I’ll start this off by throwing a thanks the way of Randy for introducing me to this Amazon Prime indie – it’s a movie I would not have come across otherwise…because I think the search algorithm on Prime is absolute gash.
Anyway, it’s a little bit of a gem for this year, as there really haven’t been that many ‘good’ Found Footage movies released this year (it’s been a pretty bad 12 months in this genre of horror!).
I’m not saying that this is great film, but I am saying it’s one of the more interesting releases of 2019…
Vic hires Dorian and Zuhair – a bullheaded documentary filmmaker; and a mild-mannered cameraman-to immortalize his personal hero and role model, his late father. Vic and Dorian fundamentally disagree about the integrity of their subject’s character and Zuhair is caught in the cross fire. As the three travel across France, they peel off the shiny veneer of Vic’s family legacy, exposing tangled cobwebs of secrets. Trapped between his past, present, and future, Vic struggles to keep control as everything he thought he knew, is flipped upside-down. Shot documentary-style with natural light and no crew, Victor’s History digs deep and unabashedly asks the question: How far would you go to keep your family’s legacy intact?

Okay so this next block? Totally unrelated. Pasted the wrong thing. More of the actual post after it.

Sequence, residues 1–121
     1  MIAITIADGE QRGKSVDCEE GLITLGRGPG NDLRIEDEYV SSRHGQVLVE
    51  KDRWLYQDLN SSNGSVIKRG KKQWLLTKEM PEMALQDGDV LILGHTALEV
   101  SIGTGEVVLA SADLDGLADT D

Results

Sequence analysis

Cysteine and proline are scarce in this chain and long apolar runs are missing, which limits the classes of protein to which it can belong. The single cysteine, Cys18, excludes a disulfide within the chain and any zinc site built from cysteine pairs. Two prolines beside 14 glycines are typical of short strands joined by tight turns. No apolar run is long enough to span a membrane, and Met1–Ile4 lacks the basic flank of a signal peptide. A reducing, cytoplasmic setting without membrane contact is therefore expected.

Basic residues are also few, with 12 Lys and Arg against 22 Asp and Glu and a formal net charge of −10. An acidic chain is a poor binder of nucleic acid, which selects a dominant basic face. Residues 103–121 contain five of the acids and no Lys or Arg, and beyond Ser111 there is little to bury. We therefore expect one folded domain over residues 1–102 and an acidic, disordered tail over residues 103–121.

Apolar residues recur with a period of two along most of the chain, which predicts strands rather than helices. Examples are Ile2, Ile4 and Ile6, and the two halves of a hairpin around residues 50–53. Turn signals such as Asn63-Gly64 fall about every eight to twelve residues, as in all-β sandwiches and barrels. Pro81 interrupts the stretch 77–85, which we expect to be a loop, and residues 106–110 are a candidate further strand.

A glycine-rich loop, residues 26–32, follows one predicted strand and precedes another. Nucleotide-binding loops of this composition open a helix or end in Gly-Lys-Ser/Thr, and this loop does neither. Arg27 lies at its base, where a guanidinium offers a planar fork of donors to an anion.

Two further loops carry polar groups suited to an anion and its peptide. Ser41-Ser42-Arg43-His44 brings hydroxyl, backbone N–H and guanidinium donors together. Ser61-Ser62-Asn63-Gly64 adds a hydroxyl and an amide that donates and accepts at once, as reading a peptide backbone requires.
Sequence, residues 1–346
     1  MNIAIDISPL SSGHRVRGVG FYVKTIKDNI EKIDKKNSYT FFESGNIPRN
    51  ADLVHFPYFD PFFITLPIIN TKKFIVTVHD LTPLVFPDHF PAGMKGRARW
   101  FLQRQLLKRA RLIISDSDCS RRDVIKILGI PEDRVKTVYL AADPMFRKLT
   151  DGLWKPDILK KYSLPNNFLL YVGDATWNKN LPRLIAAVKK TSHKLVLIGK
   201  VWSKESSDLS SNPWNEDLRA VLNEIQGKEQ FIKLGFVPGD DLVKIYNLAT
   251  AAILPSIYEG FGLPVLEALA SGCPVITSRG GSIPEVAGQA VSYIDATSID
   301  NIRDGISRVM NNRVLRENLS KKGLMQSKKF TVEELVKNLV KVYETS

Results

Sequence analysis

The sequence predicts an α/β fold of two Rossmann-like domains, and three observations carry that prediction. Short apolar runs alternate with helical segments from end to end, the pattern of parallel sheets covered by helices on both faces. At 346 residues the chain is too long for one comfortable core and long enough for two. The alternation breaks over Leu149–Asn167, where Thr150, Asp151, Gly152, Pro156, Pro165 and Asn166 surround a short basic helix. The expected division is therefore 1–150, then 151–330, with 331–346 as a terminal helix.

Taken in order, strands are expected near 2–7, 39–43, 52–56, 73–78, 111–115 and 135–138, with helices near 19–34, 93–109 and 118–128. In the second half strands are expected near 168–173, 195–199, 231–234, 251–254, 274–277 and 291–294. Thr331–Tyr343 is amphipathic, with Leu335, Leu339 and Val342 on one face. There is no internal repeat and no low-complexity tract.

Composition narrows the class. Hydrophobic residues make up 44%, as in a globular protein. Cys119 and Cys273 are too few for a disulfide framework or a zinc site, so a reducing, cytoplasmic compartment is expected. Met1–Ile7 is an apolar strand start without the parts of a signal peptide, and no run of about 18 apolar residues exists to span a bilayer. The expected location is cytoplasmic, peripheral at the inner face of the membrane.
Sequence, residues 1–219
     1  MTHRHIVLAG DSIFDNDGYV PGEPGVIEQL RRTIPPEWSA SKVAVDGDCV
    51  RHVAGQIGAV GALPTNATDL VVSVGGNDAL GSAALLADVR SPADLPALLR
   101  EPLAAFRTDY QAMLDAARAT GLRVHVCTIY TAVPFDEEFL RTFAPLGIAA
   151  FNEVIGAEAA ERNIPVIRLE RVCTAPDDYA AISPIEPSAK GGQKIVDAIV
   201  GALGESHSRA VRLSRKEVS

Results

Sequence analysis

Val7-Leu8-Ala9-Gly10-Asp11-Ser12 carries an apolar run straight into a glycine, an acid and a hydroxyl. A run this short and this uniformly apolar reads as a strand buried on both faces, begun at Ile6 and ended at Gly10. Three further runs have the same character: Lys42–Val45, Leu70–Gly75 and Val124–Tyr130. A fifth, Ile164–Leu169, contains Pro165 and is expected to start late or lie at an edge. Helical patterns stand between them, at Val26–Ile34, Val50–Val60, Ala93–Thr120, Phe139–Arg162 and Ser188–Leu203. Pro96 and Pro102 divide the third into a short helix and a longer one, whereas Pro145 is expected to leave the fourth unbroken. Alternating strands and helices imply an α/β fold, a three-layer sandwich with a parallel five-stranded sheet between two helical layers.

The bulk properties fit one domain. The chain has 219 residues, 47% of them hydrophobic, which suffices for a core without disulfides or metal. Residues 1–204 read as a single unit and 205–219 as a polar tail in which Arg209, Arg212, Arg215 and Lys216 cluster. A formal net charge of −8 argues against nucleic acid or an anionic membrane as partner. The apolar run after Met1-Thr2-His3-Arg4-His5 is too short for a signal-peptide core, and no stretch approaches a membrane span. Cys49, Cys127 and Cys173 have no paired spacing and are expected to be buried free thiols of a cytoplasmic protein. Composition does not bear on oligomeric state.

When you first come across this movie, you’ll see it listed as a Comedy, Drama and Thriller – I don’t think this is a fair reflection on the movie’s subject at all. Personally, I would stick with the film being a thriller, with good performances from the characters that lead to amusing conversations (much like in real life).
I definitely wouldn’t call it a comedy…or a drama for that matter.
Anyway, as I touched on above, the characters in this Found Footage offering were really, really strong, and portrayed very well. I’d go as far as saying that the main strength of the movie is the natural (and sometimes humorous) interaction between these characters.
Don’t get me wrong – the plot is good, but the film shines due to the interest and time you put into the characters when watching it.
The cinematography is quite excellent, as the film was shot in Saint-Raphaël, Paris and Béville-le-Comte (all in France, obviously), and some of the rural locations were extremely effective and attractive. I also found the overall quality of the cameras in use pretty good – clean and clear, very little ‘grain’.
It’s also worth noting that the director of the movie, Nicolas Chevaillier, also plays the main role of Victor in the film. This indicates to me that most (if not all) of the cast were probably quite new to being in front of the camera. Take it from me – they did more than an impressive job if this is the case!
Interesting, fresh, original…but a pretty shitty last scene (that’s the only downside I took from the movie). Definitely worth a look in my book.